One of three hour long dramas that Rik Mayall did for ITV in the summer of 1993. Dancing Queen concerns Neil who is at his batchelor party. A stripper called Pandora performs her dance and ... See full summary »
One of three hour long dramas that Rik Mayall did for ITV in the summer of 1993. Dancing Queen concerns Neil who is at his batchelor party. A stripper called Pandora performs her dance and Neil's mates load him on a train as a last gag. Neil awakes on the train, Pandora's there and at the stop where his mates are to pick him up, the train doesn't stop. Neil and Pandora walk around one of Northern England's premier seaside towns as he frets over the utter chaos his marriage day has turned out to be and tries to get back. All the while, Pandora is going on carnival rides and just generally moping around listening to Abba's Dancing Queen. Written by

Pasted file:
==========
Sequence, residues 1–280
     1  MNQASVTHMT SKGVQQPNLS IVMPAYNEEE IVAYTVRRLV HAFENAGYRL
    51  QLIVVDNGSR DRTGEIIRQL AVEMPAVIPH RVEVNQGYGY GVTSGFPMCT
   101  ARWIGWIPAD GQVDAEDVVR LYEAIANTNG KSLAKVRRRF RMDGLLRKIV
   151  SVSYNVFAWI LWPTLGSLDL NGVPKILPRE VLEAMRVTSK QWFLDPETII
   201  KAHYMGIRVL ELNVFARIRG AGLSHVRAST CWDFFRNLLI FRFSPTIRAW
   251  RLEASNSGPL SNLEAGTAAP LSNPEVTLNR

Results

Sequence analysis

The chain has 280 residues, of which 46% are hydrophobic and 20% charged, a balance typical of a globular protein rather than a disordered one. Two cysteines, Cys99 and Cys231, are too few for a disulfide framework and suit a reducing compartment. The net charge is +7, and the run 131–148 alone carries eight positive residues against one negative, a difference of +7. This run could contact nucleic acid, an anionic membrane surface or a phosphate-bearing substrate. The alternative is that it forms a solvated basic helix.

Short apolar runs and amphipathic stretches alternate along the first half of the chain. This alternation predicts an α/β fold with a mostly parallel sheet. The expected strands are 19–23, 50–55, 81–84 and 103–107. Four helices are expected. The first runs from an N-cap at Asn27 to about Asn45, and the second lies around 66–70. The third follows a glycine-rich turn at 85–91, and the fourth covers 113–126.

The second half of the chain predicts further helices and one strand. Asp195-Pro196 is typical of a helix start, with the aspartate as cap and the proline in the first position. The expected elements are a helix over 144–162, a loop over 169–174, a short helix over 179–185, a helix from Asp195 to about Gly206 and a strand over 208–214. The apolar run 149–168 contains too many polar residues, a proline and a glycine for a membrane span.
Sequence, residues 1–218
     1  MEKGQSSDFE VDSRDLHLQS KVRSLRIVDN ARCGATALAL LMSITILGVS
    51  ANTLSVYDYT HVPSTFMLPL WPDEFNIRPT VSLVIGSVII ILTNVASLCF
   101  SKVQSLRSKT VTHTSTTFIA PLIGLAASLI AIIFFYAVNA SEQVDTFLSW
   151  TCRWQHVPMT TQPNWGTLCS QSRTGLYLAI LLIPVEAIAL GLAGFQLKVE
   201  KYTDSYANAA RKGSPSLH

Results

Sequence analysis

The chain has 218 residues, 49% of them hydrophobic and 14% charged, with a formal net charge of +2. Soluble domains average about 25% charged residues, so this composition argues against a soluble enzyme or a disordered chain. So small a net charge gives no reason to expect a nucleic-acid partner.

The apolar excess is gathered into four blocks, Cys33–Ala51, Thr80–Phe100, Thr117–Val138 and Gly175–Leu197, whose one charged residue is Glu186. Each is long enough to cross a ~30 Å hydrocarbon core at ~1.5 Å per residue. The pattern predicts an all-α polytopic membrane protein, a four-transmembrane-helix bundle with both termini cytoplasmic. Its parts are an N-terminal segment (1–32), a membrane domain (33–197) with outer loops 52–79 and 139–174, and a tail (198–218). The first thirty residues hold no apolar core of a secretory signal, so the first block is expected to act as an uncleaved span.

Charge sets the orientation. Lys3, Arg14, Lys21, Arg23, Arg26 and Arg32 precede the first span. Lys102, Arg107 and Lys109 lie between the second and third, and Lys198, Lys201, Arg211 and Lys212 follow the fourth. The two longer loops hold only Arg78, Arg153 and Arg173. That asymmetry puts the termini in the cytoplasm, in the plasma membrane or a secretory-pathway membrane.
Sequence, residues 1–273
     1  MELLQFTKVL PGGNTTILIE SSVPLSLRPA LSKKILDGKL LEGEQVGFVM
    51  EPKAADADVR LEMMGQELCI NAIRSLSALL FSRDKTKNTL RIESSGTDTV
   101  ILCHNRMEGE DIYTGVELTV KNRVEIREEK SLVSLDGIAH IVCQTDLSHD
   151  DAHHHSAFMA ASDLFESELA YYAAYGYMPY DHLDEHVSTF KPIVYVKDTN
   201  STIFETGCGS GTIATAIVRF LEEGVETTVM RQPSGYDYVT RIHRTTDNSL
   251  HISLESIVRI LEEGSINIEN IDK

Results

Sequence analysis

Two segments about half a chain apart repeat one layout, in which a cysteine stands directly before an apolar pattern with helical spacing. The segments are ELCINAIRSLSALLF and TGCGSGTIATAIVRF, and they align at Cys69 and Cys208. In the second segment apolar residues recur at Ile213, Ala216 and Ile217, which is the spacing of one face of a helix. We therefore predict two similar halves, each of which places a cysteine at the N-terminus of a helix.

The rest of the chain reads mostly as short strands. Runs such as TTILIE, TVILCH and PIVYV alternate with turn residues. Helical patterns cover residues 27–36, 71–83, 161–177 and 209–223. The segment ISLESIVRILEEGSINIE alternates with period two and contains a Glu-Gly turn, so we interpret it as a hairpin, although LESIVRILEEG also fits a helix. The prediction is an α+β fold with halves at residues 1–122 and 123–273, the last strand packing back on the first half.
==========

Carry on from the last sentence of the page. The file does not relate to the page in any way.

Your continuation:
Richard John <firstname.lastname@example.org>
There is something about this movie that makes it great.
The storyline is a typical Cinderella story in the present day. The wealthy and successful Neal, played by Rik Mayall, is to marry a spoilt snob in the south of England. His friends mess up his Stag Party prank and Neal ends up stranded in the once-famous north England coastal town of Scarborough. His desparate situation leave him at the mercy of Julie's will.
The film is made humourous by the colourful personalities that are only slightly larger than life than most of the people you might meet in the UK. His priveleged background, arrogant manner make him an unlikeable central character who is rescued by the heroine Julie played by Bonham-Carter. The comic style of Mayall brought on by the stress of the situation absolves his character of being totally disliked.
Julie, despite her low-class ways, is endearing and compassionate and her strong role supports the fairy-tale notion that social class and position are irrelevant to love. Perhaps a more unique underlying plot is that the pursuit of wealth creates a greed and snobbery that stand against real love whilst poverty, respect for the individual and community breeds love and a greater awareness of life... perhaps
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